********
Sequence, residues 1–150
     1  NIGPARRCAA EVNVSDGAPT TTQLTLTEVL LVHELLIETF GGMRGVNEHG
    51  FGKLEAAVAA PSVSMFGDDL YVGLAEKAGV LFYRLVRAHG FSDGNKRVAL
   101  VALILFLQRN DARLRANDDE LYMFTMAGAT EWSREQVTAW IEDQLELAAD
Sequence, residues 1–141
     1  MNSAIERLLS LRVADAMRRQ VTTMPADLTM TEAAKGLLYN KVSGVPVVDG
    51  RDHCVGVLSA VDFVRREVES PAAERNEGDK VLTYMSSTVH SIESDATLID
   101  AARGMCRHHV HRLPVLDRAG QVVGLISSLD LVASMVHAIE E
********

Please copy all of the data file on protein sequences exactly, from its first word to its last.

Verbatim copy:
Sequence, residues 1–150
     1  NIGPARRCAA EVNVSDGAPT TTQLTLTEVL LVHELLIETF GGMRGVNEHG
    51  FGKLEAAVAA PSVSMFGDDL YVGLAEKAGV LFYRLVRAHG FSDGNKRVAL
   101  VALILFLQRN DARLRANDDE LYMFTMAGAT EWSREQVTAW IEDQLELAAD
Sequence, residues 1–141
     1  MNSAIERLLS LRVADAMRRQ VTTMPADLTM TEAAKGLLYN KVSGVPVVDG
    51  RDHCVGVLSA VDFVRREVES PAAERNEGDK VLTYMSSTVH SIESDATLID
   101  AARGMCRHHV HRLPVLDRAG QVVGLISSLD LVASMVHAIE E